Professional Communicators Face Unique Challenges
As graduates search for jobs in communication and public relations this summer, many are likely applying for jobs in both government and for-profit organizations. Most are probably not considering how different the professional communicator's role would be in one sector as compared to the other. However, a recent survey has found that communicators who work in government experience different obstacles and opportunities in their day-to-day work than their counterparts working for private corporations.
A survey of 976 government and corporate communicators from across the United States revealed that while professional communicators share some similarities, there are far more differences. These differences, including greater political pressure and legal constraints, are significant enough to influence government communicators' daily tasks.
While both corporate and government communicators said their budgets were inadequate, the government communicators were the most dissatisfied with their funding for communication activities. This means that government communicators must be more diligent and creative in managing their allotted funds.
While all communicators might feel the effect of internal and external politics, the survey found that political pressure has a tangible effect on day-to-day government communication. Communicators who choose to work in government need to understand and navigate the political system in order to negotiate this unique complication.
In addition to political pressure, government communicators report more pressure for information from their publics, and they also reported more frequent communication with their publics. Given that the National Association of Government Communicators has identified public cynicism as one of the largest challenges government communicators face, meeting the publics' information needs can be a significant challenge in the government sector.
Communicators working in government interact more with outside groups, such as other government agencies, nonprofits, and private companies. This presents more challenges for government employees who must negotiate their own organizational obstacles first before working with partners who operate under their own rules and regulations.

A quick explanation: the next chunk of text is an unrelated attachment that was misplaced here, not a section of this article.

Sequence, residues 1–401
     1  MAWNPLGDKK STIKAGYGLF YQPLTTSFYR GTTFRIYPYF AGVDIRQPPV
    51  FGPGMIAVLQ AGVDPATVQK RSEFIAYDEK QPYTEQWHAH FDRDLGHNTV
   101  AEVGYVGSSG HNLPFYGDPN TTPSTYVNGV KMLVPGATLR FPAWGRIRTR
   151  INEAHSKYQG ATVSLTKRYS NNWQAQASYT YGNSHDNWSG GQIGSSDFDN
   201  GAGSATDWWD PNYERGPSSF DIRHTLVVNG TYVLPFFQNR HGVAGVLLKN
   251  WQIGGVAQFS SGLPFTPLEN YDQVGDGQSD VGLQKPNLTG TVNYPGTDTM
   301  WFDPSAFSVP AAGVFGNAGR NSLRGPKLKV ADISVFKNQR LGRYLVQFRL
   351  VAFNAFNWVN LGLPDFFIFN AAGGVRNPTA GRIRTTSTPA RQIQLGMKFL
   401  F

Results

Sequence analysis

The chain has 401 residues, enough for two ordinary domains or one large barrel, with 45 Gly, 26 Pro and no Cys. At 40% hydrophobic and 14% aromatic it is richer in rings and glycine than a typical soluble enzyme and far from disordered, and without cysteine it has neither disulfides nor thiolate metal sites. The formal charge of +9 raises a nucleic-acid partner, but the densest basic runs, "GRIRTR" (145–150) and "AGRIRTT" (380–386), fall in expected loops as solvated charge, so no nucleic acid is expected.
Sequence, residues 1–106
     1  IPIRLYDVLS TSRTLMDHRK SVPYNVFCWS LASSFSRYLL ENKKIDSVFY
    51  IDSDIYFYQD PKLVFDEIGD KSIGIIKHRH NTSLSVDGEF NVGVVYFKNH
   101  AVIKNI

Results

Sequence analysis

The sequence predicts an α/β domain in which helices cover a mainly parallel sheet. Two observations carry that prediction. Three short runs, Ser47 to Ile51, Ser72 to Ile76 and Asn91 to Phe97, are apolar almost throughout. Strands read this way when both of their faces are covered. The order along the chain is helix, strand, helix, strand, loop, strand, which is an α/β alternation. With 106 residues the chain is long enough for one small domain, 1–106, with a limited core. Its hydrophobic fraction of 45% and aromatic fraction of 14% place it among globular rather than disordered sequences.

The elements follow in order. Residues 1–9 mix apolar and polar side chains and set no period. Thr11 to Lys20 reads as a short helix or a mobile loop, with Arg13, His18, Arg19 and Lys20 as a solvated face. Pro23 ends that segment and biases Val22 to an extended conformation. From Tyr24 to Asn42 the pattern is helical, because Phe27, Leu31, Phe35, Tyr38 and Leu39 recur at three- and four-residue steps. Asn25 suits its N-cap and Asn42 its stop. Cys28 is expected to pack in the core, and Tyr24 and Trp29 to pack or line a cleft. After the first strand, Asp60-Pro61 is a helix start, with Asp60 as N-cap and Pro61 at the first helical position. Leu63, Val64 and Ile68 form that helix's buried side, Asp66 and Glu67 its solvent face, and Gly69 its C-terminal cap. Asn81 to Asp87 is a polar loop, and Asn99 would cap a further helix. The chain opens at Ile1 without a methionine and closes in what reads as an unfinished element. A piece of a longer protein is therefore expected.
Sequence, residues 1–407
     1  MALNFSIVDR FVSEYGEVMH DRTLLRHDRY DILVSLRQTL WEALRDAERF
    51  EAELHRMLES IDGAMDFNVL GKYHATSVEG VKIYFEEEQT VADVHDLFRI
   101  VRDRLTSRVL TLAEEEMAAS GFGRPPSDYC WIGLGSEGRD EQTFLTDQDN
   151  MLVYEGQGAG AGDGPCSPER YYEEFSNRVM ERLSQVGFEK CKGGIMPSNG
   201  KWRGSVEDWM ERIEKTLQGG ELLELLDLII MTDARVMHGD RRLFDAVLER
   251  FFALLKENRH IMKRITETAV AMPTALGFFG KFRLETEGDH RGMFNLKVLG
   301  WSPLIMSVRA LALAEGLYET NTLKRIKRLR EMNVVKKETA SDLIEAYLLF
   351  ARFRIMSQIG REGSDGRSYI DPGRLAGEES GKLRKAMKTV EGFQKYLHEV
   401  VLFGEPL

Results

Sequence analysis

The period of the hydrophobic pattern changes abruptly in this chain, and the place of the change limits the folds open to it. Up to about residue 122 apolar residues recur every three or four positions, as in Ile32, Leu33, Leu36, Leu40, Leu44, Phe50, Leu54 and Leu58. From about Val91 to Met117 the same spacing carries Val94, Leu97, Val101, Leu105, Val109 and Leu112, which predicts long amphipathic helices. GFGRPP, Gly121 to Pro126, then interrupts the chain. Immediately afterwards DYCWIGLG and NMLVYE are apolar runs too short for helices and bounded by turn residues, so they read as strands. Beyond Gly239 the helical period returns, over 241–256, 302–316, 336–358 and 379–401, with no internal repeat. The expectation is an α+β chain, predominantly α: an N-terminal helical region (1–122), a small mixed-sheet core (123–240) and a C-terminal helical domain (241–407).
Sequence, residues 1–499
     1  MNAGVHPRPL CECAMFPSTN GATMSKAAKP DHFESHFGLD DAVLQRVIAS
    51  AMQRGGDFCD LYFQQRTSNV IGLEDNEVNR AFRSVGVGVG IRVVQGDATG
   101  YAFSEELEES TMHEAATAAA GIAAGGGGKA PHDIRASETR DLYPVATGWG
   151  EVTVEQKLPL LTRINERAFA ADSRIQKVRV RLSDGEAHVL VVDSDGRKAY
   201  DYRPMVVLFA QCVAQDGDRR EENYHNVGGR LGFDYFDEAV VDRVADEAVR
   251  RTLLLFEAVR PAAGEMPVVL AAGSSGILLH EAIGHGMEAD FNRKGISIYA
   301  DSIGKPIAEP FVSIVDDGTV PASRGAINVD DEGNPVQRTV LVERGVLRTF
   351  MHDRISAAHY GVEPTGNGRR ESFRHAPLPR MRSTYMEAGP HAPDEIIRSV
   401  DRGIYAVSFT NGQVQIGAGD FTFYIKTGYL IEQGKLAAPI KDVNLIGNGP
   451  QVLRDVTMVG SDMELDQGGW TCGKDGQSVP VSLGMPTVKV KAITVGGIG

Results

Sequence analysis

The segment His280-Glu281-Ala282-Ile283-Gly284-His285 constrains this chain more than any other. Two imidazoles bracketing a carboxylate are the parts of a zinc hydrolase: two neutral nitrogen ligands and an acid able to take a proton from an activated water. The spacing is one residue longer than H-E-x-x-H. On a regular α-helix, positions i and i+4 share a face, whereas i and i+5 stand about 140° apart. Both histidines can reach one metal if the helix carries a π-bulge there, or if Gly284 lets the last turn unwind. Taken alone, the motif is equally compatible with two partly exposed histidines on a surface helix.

Because media are the self-appointed watchdogs of government, it is not surprising that government entities reported receiving more media coverage (and negative coverage) than corporate organizations. However, the degree of difference was fairly small. This could suggest that both sectors are becoming equal opportunity targets for negative news stories.
The final key difference between communication in these two sectors lies in the impact of laws and administrative policies. Government communicators face more legal restrictions in their work and must develop a keen understanding of all policies that limit as well as compel public communication. While private sector communicators are also subject to rules and laws, government communicators felt the daily effects of legal restrictions such as the federal Freedom of Information Act and state sunshine laws. These laws and requirements for announcements of public meetings, passage of laws, and voting impact their communication activities.
While there were more differences than similarities, the survey showed that corporate and government communicators appear to rely on the same communication toolbox as their corporate counterparts. For example, both corporate and government communicators use media relations tools, such as press releases and media scanning. Both sets of practitioners developed strategic plans, contributed to and edited Web sites, and networked. Less likely used in either setting were video news releases, public service announcements, and blogs.
In both sectors, there is room for growth in educating management about the value of public relations and in including communicators at the management table. This is especially important given that recent research reveals that being part of top management is at the heart of excellent public relations leadership and effective external and internal communication.
These findings provide important insights for newcomers to the communication field, experienced practitioners who may be searching for new challenges and opportunities, and educators of communication students. The differences in communication practices in these two operating environments are significant and present barriers as well as opportunities for reaching publics with valuable information. Whether a new graduate or a seasoned pro, communicators' understanding of these differences will help with career choices and reveal opportunities that they may have never considered.